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Discussion Starter #1
Thinking of moving up to 19 F350 Dually trading a 13 DRW with 3.73 rear axle. Just curious thoughts on 3.55 vs 4.10 axle. I do not see a option for a 3.73. Little concern with fuel mileage if i go with 4.10 which is what most inventory shows around Raleigh, NC.



I understand the axle / wheel rotation multiplier with 3.55 - 3.73 - 4.10 and its effects on engine RPM's. Just curious what real world experience is with the 2017 and up truck owners.


I average towing 10-11 mpg with 2013 DRW 3.73 axle. Thinking a 4.10 will be 9 -10 mpg? Not sure what a 3.55 axle would give me.


Thanks
Gary
 

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What do you tow? That could help. If you are under 10k, then I think you could do 3.55's, but anything heavier and I would consider the 4.10's. I am surprised they don't offer the happy medium 3.73
 

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Discussion Starter #3
I will be towing a 17-k to 18-k filth wheel RV. Will most likely settle on the 4.10 axle.




Thanks
 

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I'll let those who tow that heavy to weigh in on this, but I would tend towards the 4.10's as well, after I made absolute sure the 3.73's were not avail.
 

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WHen I go to ford.com and configure I see 3.55, 3.73 and 4.10 for DRW F350 diesel
 

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Discussion Starter #6
WHen I go to ford.com and configure I see 3.55, 3.73 and 4.10 for DRW F350 diesel

6.2 Gas engine 3.73 is avail. Diesel's are 3.55 or 4.10
 

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I was going by Ford Website and I just configured another f350 4x4 crew cab XL STX package, 6.7 diesel :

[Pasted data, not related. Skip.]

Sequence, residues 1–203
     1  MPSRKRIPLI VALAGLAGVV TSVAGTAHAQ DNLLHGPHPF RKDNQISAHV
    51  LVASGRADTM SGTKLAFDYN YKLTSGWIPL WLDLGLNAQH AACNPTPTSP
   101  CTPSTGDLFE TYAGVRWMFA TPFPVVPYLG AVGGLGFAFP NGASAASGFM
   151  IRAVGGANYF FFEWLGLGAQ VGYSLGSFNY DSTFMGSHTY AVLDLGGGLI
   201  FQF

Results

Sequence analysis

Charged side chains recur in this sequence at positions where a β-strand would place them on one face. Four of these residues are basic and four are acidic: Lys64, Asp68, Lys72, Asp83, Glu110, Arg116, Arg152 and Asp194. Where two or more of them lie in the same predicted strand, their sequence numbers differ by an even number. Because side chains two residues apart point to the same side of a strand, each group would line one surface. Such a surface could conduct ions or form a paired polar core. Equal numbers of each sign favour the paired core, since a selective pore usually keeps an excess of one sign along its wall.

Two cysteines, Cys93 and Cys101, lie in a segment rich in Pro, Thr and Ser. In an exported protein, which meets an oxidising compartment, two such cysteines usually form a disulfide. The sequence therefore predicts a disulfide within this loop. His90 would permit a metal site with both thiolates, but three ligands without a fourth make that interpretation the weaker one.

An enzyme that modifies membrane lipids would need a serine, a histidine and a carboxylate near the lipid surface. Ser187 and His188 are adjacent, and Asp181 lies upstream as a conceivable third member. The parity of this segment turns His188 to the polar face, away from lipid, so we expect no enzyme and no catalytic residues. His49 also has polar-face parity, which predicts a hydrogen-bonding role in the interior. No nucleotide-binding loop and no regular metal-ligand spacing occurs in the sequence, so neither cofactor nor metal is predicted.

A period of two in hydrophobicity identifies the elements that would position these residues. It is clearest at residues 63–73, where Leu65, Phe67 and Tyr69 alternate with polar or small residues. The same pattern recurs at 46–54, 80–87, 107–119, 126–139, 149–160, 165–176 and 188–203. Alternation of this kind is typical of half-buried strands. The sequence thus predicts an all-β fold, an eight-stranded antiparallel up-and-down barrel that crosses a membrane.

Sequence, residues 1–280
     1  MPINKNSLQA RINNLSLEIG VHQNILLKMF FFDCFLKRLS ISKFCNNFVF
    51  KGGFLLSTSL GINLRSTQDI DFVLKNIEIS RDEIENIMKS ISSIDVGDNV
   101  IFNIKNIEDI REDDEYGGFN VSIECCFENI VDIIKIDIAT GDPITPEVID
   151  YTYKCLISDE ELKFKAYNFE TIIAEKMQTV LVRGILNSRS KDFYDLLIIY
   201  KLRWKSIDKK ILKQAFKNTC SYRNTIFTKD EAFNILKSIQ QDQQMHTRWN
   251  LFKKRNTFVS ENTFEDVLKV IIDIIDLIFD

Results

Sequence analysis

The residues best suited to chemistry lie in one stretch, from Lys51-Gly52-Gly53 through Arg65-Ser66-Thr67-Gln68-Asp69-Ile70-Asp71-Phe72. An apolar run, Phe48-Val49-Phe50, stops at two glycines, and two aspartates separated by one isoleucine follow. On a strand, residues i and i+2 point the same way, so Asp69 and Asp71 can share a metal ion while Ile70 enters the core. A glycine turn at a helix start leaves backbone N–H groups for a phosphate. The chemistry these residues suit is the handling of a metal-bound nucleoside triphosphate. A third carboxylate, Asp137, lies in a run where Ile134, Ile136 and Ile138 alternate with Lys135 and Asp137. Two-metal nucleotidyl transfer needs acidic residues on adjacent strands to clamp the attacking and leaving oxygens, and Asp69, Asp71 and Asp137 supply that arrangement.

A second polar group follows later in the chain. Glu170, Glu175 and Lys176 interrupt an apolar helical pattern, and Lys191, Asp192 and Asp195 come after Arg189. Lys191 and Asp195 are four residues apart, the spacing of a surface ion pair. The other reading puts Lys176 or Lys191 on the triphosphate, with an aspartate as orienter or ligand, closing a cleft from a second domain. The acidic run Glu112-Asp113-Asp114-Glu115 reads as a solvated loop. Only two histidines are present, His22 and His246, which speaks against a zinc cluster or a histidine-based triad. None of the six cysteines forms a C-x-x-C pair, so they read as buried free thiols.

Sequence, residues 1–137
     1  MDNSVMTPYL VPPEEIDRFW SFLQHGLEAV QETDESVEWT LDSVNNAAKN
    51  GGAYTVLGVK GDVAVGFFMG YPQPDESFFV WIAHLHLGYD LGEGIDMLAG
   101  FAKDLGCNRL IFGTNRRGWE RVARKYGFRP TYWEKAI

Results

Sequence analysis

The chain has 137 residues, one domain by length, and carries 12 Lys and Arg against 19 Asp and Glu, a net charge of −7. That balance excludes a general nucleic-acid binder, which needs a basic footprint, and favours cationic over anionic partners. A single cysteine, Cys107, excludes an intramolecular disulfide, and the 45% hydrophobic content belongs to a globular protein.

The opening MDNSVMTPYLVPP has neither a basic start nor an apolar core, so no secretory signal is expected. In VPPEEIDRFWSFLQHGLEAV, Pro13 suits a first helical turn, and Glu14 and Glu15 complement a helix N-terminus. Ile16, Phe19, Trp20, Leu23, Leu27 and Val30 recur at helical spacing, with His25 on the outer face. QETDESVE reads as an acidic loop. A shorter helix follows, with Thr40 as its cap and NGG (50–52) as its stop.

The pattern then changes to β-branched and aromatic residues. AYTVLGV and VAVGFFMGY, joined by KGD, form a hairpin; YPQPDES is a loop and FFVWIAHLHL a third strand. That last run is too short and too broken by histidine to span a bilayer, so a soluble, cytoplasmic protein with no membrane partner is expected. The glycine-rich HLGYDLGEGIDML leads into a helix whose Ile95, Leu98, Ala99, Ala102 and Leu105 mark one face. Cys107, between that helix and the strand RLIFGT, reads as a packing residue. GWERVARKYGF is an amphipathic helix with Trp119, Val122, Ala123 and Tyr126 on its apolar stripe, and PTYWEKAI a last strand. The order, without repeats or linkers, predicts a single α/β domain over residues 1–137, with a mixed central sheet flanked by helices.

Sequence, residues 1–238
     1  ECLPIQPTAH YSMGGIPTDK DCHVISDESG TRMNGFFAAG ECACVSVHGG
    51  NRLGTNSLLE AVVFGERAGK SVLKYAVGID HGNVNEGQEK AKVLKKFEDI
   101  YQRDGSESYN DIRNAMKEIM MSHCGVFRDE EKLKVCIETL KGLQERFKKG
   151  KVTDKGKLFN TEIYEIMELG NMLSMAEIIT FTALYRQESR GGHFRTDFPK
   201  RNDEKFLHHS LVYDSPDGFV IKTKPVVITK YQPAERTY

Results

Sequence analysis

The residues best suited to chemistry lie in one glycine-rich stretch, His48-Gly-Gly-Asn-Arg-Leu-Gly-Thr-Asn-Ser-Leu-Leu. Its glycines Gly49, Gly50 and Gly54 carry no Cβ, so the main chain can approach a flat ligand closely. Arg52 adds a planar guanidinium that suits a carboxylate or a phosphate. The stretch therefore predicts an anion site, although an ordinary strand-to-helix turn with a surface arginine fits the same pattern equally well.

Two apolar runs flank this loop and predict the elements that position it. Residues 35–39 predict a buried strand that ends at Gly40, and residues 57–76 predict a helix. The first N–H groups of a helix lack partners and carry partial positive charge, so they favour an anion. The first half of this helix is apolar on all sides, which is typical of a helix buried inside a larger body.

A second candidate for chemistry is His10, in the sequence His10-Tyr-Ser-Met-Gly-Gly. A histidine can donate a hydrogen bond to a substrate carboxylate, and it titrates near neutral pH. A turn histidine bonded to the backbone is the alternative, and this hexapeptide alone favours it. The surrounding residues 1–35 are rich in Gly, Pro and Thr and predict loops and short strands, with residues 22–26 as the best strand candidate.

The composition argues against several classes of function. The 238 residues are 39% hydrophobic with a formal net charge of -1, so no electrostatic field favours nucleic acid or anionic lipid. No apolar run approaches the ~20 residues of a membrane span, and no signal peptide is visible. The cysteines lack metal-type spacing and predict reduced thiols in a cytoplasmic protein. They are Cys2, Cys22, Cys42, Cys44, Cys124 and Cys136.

Your Super Duty

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$39,605 Base MSRPS1
$18,585 Total of OptionsS4
$1,595 Destination ChargesS17
$59,785 Total MSRPS16
-$1,000 Available IncentivesS3

$58,785 Estimated Net PriceS5
$821 Monthly PaymentS6 Purchase based on $5,979 down payment, 84 month term and 7.9% APR, $0 trade-in-value
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$39,605 2019 Ford Super Duty F-350 XL, Crew Cab®, 8’ Box, 6.7L 4-Valve Power Stroke® Diesel V8 (B20) Engine, TorqShift® 6-Speed SelectShift® Automatic with 6.7L engine, 3.55 Limited Slip Axle Ratio, 4X4, DRW

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SO which Ford provided information source is wrong?

Your Super Duty

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Payment
$39,605 Base MSRPS1
$18,585 Total of OptionsS4
$1,595 Destination ChargesS17
$59,785 Total MSRPS16
-$1,000 Available IncentivesS3

$58,785 Estimated Net PriceS5
$821 Monthly PaymentS6 Purchase based on $5,979 down payment, 84 month term and 7.9% APR, $0 trade-in-value
Get an Internet Price
Search Inventory
Special Offers
Look up Trade-In-Value
Pricing Tools

Print Page
Calculate PaymentsS6
Available Incentives
Estimate Your Credit
Apply for Credit

Edit
Model
$39,605 2019 Ford Super Duty F-350 XL, Crew Cab®, 8’ Box, 6.7L 4-Valve Power Stroke® Diesel V8 (B20) Engine, TorqShift® 6-Speed SelectShift® Automatic with 6.7L engine, 3.55 Limited Slip Axle Ratio, 4X4, DRW

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$0 Race Red
$0 No Secondary Color